Don’t smell the glove
Hard-rocking Tenfold doesn’t need a vertically challenged Stonehenge plinth to succeed
There’s an age-old belief that anything a person does, good or bad, comes back on them tenfold. That’s a philosophy to which local band Tenfold subscribes, putting 10 times the gusto into everything it does, from rehearsals to recordings—especially live performances. Tenfold knows you only get back what you put in.
Two years ago, Tenfold rose from the ashes of two popular Sacramento bands, Kaya and Trunk. The simultaneous breakup of both fatefully set the stage for vocalist Justin Butler, drummer Will Brunk, guitarist Pag, bassist Doug Calvert and guitarist Cortland Butler to create something new.
Tenfold signed with local indie label 720 Records and, under the guidance of manager Eric Rushing, quickly made headway. The band launched into a strict rehearsal schedule, practicing every night. Early last year it entered the studio to record its first EP, choosing six crowd-pleasing songs—including the catchy “Nothing” and the darkly melodic “This Life.”
As each local show topped the previous one in intensity, the crowds grew larger. Tenfold began traveling throughout California and Nevada playing numerous venues, spending a lot of time together on the road.
“When we’re not practicing or playing, we all hang out together,” Brunk says.
Two years later, Tenfold has weathered the standard personnel changes that bedevil many new bands. In its case, Butler and Calvert left. Again, fate intervened.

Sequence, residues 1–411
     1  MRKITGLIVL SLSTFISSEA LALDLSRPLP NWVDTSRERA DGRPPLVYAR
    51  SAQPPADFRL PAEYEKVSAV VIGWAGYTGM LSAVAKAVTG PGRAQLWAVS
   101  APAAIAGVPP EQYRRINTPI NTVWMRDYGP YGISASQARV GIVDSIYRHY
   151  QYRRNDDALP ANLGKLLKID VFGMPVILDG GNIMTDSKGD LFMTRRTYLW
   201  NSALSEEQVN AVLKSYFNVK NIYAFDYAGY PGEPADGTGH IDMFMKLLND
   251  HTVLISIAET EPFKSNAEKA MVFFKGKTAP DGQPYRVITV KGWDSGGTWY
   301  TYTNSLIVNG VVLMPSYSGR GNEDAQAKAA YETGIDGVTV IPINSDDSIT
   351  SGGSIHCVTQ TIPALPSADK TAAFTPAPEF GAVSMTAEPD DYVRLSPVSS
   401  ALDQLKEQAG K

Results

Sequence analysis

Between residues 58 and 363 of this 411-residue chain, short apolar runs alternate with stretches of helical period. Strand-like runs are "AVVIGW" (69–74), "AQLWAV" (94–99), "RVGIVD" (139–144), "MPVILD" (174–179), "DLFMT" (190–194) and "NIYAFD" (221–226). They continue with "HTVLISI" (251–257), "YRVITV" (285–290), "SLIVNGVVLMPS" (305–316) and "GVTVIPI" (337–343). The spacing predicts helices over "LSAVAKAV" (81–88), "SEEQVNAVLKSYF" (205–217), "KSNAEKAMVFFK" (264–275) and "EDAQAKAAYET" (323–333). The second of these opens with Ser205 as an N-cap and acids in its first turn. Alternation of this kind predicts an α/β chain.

“We placed an ad in the News & Review for a bassist, but no one called,” guitarist Pag says, laughing. “We said, ‘I guess we’re not as popular as we thought!’ It turns out that they printed the number wrong.”
Around the same time, Bay Area band Zero Theory broke up, and its bassist, Eddie Meehan, joined Tenfold.
In February, Tenfold released its second CD EP, Un Animo, and its CD-release show at Scratch 8 completely sold out—with many disappointed fans turned away at the door.
“Un Animo means ‘with one hope, one mind’ in Spanish and Latin,” Butler explains.
The new disc kicks off with Butler’s unmistakable vocals on “Mimic,” backed by the band’s driving sound, which isn’t coming from the typical “I hate myself and want to die” school of hard rock. On the other hand, you definitely wouldn’t call Tenfold a pop band, and it doesn’t use fancy samples or trippy sound loops to layer its sonic attack.
Onstage, Tenfold doesn’t use any elaborate backdrops, expensive lighting rigs or ghastly smoke machines to evoke an image. Such props only work when used in moderation to enhance atmosphere, or in complete and unbridled excess to celebrate the glory of rock ’n’ roll decadence. Many bands use them to compensate for lack of talent or creativity and, of course, to distract the crowd from catching on.
Tenfold’s music, with its loud guitars, angry drums and booming bass, does give voice to anger and frustration, and Butler lets loose the occasional scream or growl when words alone aren’t enough to appropriately capture that. But his lyrics are cleverly strung together with melodic and essentially catchy tunes. (Veteran singer-songwriters know that sometimes it’s not what you sing, but instead how you sing it that separates a good song from a truly great one.) Lyrics such as “Shed and peel my skin / Start it all over now / And what is left in me?” from the song “Brand New Me” are catchy enough on their own, but it’s the tune that ultimately sticks in your head.
“We describe it as melodic hard rock,” Brunk says.
And that’s exactly what it is. Not metal, not pop. Just the stuff that hits are made of.